Wendy's (NASDAQ:WEN) has outperformed its peers McDonald's (NYSE:MCD) and Burger King Worldwide (UNKNOWN:BKW.DL) by wide margins over the past year in regards to stock appreciation. Over this time frame, Wendy's stock has appreciated 81% while McDonald's and Burger King have seen stock appreciations of 8% and 30%, respectively.
The success of Wendy's has had a lot to do with its reimaging initiative and menu innovations. Burger King has also succeeded in the innovation area, whereas McDonald's has failed. But this doesn't necessarily mean that Wendy's and Burger King are likely to be better investment options than McDonald's over the long haul. We'll take a look. And while we're at it, we'll expose a strategic approach that Wendy's uses to increase sales.
The Wendy's turnaround
After founder Dave Thomas passed away in 2002, Wendy's lost its way and suffered an identity crisis. But it eventually came up with a strategy that proved to be highly successful. This strategy is easy to understand, and it's a common practice in business; you just don't see it used often in quick-service restaurants.
Wendy's decided to start offering a broad value menu. By offering more menu items, it was likely that Wendy's could drive more foot traffic. But that wasn't the key. The broad value menu was only used to get more people through the doors. Then Wendy's would use the up-sell approach by offering premium menu items. Once customers are through the doors and looking at the menu -- thanks to promoting value-menu items -- it's likely that some of these customers will notice the premium menu items and give them a go. Wendy's still uses this approach today, and until it fails to be effective, it will continue to use this approach.
The modernization of many restaurant locations has also helped drive the top line for Wendy's, but the real driver last year was the innovative $5 Pretzel Bacon Cheeseburger. This promotion ended in November 2013, as it was difficult to make in the kitchen and required premium ingredients. It was also a limited-time offering, which has been a hot trend in the quick-service restaurant space.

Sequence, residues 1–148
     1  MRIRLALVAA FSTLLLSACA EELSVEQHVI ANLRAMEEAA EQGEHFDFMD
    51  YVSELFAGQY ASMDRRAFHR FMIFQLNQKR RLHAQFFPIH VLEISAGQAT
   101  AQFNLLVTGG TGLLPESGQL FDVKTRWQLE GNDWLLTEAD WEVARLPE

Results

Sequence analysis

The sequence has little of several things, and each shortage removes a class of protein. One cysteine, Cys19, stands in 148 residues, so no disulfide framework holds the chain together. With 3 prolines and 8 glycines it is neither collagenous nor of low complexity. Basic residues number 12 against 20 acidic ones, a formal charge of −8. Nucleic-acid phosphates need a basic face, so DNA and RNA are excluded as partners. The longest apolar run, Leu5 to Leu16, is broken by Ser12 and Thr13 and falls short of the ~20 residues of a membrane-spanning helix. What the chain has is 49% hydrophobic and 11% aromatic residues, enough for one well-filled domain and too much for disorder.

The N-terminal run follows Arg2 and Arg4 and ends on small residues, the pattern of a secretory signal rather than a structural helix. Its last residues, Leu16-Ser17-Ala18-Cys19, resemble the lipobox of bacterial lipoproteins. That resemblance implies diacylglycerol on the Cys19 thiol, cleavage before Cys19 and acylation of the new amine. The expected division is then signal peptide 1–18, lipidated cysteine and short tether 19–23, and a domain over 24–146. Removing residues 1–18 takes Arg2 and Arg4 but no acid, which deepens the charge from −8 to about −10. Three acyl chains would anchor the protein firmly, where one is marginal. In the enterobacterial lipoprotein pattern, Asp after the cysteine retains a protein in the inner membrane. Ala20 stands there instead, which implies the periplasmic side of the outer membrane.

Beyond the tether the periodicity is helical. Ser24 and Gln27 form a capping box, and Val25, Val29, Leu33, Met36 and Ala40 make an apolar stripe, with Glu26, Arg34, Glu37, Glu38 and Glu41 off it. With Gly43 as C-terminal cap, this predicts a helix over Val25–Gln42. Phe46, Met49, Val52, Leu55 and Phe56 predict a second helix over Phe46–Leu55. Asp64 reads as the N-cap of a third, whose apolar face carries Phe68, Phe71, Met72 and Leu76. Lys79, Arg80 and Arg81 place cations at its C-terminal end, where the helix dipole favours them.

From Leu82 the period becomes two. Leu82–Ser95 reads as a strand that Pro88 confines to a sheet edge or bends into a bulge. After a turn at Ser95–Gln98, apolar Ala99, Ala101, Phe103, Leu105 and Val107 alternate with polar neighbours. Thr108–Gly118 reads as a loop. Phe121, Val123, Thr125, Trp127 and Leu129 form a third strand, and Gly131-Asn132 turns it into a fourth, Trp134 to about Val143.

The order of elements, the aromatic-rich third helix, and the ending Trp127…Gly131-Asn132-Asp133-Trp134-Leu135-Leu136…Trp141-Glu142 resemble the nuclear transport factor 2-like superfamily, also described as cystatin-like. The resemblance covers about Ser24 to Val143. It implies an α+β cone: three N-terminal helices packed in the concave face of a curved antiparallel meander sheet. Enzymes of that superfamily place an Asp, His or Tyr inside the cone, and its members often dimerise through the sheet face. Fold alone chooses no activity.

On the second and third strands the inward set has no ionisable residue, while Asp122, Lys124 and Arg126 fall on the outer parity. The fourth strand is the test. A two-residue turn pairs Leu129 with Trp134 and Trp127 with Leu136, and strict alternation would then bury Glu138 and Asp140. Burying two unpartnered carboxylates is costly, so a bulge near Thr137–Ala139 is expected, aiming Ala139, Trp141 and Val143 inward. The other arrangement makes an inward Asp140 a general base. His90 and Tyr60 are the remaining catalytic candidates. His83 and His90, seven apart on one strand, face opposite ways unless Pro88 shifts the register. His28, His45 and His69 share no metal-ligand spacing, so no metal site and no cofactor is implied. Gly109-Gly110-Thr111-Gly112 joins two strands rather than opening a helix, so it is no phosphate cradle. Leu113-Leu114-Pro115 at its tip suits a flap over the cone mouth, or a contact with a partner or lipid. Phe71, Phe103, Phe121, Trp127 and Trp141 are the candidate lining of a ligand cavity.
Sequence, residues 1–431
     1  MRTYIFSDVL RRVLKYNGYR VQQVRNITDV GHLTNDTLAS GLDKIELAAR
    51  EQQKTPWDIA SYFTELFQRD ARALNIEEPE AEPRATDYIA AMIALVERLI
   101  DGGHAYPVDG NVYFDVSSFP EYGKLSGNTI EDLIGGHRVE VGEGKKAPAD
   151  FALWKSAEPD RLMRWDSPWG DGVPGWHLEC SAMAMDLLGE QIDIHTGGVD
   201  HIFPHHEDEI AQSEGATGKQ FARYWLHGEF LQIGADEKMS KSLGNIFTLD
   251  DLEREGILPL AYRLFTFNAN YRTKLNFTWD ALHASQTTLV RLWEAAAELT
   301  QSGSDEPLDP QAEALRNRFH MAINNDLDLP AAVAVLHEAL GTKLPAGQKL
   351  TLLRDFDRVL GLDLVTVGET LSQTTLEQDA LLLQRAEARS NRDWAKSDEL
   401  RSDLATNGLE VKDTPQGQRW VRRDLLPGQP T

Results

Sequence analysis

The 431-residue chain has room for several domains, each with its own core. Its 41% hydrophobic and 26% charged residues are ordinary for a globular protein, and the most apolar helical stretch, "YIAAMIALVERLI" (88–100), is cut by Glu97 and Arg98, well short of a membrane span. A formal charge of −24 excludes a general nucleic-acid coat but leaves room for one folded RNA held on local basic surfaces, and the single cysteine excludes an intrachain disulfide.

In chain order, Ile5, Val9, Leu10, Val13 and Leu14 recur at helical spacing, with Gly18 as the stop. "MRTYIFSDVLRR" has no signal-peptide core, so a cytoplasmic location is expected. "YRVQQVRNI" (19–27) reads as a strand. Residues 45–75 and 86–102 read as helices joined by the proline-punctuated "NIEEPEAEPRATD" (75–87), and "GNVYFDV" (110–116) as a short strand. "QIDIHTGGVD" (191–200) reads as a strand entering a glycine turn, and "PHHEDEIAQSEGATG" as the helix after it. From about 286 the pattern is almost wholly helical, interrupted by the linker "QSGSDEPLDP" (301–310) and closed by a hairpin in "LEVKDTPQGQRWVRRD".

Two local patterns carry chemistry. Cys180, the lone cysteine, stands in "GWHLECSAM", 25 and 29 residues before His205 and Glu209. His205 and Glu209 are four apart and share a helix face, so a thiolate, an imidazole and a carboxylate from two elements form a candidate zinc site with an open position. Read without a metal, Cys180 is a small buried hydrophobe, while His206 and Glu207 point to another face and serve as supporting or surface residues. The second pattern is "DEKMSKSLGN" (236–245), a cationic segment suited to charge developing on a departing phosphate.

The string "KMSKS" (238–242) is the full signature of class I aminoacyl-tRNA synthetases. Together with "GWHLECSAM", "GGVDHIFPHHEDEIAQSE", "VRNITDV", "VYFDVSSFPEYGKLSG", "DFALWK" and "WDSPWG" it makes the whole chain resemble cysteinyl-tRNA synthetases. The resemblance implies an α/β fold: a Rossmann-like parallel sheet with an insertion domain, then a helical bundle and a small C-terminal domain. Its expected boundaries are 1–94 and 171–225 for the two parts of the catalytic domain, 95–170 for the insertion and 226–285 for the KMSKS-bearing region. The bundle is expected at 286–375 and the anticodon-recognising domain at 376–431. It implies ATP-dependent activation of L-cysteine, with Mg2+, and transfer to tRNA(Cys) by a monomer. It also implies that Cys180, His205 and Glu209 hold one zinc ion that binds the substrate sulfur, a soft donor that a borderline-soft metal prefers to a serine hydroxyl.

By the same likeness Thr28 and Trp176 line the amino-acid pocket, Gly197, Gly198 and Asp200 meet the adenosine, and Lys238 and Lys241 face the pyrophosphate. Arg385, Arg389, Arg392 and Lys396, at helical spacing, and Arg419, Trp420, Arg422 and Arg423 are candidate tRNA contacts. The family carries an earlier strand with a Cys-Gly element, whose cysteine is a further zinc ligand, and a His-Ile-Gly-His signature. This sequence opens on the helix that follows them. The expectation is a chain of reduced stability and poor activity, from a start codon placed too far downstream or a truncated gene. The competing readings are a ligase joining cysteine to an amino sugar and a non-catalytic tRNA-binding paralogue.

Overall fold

The limited-time offering approach has been effective for one simple reason: People want what they can't have. If a menu item is only available for a limited time, then people want to try it before it's not available anymore. Also consider that most people are followers (not a bad thing), which means that if everyone is talking about a new limited-time offer menu item, they will want to try it so they can join the conversation and share their opinions.
Burger King's Satisfries were also a big hit last year. But McDonald's Mighty Wings failed, primarily due to them being too expensive, too greasy, and facing too much competition in the wings space.
McDonald's did manage to deliver third-quarter comps growth of 0.7%, but that was nothing compared to Wendy's, which delivered 3.2% comps growth at company-owned locations and 3.1% comps growth at franchise locations. It should also be pointed out that Wendy's has sold many of its locations to franchisees, which streamlined profits. In the third quarter, adjusted earnings per share came in at $0.08 versus $0.02 in the year-ago quarter.
But is Wendy's likely to be the best investment option of the three going forward?
Wendy's vs. McDonald's
McDonald's might have failed with its Mighty Wings, but it's going to learn from its mistakes. More importantly, it's going to keep track of what is successful at Burger King and Wendy's and then build on those concepts by bettering them. For example, don't be surprised if McDonald's comes out with a healthier version of its French fries at some point over the next few years. Whether it's French fries, a pretzel burger, or a menu item that has yet to be created, McDonald's has the most marketing power of the three franchises. Therefore, any successful innovations will likely lead to market-share gains and sales increases.
Furthermore, McDonald's is trading at just 16 times forward earnings, whereas Wendy's and Burger King are trading at 29 and 24 times forward earnings, respectively. Additionally, McDonald's yields 3.4%, versus 2.3% for Wendy's and 1.2% for Burger King.
The bottom line
This isn't to say Wendy's and Burger King are poor investment options. They offer more growth potential than McDonald's. But McDonald's brand strength gives it a clear long-term advantage. If you're looking for growth, then consider that Wendy's overtook Burger King as the No. 2 hamburger chain in 2012 in regards to sales.
Dan Moskowitz has no position in any stocks mentioned. The Motley Fool recommends Burger King Worldwide and McDonald's. The Motley Fool owns shares of McDonald's. Try any of our Foolish newsletter services free for 30 days. We Fools may not all hold the same opinions, but we all believe that considering a diverse range of insights makes us better investors. The Motley Fool has a disclosure policy.